It sometimes feels like we can never ride enough to reach the lofty targets we set for ourselves. However, training needn’t be restricted to what we can achieve on the pedals. There is a lot that we can do off the bike to optimise recovery and ultimately to improve our riding efficiency in general. Here are five things we can do to boost cycling performance:
Recovery is a lot more than just putting your feet up and taking the weight off your aching legs. That’s just as well really, seeing as most of us do not have the luxury of sprawling in front of whatever race is on TV after every ride. You can give your recovery a boost by taking on post-ride recovery shakes, like those from Torq, Science In Sport or High5 (below), which rehydrate the body, replenish any electrolytes lost during exercise and accelerate the process of rebuilding muscle mass.
You probably don’t need to be told (again) that eating a balanced diet will improve your cycling, but it’s true. Not only that, choosing what you eat and when can also make a difference. That is, front-loading your day with carbohydrates which will be converted to energy and gobbled up by your body during your ride, and eating the bulk of the day’s protein late in the day to accelerate recovery. Quite simple really, and you will notice the results almost instantly.
At the most basic level, yoga is a practice for the body and mind which improves strength, flexibility and focus. It’s great for cycling not least for the core and flexibility element, but also to focus the mind, a vital skill for our sport. The physical aspect is also considered valuable in injury prevention, and yoga has become a standard feature of training programmes across the cycling community.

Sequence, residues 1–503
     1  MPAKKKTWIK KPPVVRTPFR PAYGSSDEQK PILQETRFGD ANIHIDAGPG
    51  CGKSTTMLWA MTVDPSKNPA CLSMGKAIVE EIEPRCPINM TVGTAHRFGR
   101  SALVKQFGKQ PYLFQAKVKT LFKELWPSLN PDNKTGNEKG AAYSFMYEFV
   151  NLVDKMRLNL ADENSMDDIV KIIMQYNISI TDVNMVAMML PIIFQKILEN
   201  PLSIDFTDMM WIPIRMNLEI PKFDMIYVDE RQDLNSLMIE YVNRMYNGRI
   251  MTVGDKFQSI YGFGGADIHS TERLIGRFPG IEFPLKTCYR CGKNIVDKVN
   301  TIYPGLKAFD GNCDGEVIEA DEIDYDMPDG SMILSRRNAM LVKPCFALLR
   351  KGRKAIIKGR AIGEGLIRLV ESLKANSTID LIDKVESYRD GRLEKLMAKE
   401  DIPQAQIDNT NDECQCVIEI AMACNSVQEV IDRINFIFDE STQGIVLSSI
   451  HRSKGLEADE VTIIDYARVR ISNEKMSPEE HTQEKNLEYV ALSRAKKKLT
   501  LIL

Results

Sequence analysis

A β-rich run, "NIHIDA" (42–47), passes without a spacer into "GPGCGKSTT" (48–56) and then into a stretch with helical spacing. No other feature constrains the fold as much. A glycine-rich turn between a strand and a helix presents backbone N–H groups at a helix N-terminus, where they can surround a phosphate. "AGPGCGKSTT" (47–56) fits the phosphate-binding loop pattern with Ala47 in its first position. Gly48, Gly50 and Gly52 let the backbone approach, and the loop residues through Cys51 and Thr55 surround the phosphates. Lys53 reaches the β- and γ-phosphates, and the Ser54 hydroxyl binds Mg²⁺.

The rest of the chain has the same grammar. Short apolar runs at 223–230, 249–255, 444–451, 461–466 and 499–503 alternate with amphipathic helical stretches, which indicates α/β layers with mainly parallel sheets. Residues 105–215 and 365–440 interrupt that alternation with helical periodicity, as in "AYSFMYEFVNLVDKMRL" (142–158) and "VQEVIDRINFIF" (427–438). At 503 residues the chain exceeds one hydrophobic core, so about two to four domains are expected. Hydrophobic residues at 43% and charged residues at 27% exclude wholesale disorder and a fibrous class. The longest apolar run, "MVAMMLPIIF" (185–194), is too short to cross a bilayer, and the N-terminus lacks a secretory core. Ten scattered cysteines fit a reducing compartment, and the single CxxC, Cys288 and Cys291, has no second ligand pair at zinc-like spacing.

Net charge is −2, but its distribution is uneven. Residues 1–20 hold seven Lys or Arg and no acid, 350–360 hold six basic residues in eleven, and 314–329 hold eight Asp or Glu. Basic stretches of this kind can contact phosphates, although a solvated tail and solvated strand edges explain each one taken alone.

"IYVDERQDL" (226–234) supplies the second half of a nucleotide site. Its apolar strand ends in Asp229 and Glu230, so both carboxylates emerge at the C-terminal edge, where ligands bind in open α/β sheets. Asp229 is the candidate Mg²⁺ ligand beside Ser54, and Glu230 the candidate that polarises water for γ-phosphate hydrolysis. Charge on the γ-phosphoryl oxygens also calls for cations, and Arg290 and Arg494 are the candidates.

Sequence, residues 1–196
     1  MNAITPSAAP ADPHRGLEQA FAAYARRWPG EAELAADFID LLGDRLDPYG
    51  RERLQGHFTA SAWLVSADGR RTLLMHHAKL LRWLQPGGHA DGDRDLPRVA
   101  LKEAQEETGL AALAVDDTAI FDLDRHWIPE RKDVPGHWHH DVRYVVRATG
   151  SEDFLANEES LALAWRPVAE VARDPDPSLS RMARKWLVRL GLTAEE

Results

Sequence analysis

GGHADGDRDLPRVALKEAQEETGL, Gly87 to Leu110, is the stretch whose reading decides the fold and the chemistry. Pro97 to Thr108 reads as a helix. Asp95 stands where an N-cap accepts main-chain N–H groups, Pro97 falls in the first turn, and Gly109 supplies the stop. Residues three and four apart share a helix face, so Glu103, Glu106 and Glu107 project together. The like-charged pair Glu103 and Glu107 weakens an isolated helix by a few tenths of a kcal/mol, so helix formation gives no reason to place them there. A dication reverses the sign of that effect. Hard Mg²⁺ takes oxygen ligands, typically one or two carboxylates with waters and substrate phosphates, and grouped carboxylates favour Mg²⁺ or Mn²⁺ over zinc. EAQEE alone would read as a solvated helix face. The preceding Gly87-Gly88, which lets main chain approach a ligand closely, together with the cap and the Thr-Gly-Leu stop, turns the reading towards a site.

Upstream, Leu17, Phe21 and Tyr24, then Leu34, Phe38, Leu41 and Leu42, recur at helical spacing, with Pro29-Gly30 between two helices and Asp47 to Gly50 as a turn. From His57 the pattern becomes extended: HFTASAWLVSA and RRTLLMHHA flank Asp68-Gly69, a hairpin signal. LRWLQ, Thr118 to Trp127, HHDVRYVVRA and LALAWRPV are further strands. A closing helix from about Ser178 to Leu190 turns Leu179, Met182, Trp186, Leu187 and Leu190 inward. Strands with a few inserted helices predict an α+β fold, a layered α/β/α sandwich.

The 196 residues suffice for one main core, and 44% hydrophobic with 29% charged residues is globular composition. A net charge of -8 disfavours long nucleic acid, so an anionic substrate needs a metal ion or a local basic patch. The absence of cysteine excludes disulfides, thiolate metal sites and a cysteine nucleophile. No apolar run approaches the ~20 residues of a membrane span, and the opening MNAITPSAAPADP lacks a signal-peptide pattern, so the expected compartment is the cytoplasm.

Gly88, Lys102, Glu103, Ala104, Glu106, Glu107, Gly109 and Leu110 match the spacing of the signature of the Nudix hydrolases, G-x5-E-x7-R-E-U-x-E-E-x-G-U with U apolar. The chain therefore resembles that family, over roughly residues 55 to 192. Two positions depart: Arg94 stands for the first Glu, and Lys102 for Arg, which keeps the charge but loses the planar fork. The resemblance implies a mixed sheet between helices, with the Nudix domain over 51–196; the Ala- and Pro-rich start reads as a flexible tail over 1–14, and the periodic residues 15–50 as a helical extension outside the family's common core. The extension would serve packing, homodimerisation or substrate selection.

How hard can breathing be, right? WorldTour team Trek-Segafredo have brought an ex-free diver on board to help the riders work specifically on their breathing to improve performance. Combining world record breaking technique with medical research and studies in yoga and physiotherapy, Dr Mike Maric has developed advanced coaching practices that have benefitted world class athletes across the whole sporting world. At the team’s early season training camp, Maric took the riders through breathing exercises that included belly breathing, also referred to as diaphragmatic or abdominal breathing, which has shown to dramatically improve a rider’s performance.
“I think breathing training can help manage the stressful situations, and also help with the performance and increase recovery. We now know that you can decrease the consummation of oxygen and then you have more oxygen for the muscles, and in this way, you can improve the power.” Dr Mike Maric
For some world-beating Trek-Segafredo kit and equipment, check out these top-of-the-line racing bikes in team livery, and a team edition Bontrager aero helmet:
Whether you measure your output in watts or positive vibes, the smallest act of kindness towards your bike, your most reliable training partner, is sure to give you an extra boost. Your bike will thank you for giving it even a cursory clean, but there’s even more you can do to give it a new breath of life without breaking the bank. Why not prep for classics season with a new lick of bar tape. After all, if you look good, you’ll feel good, and if you feel good, you’ll go faster.
Now that you’re furnished with some great ways to keep your training going, even when you’re not riding, you’re ready to attack your 2018 goals with renewed vigour. Here’s to a successful season!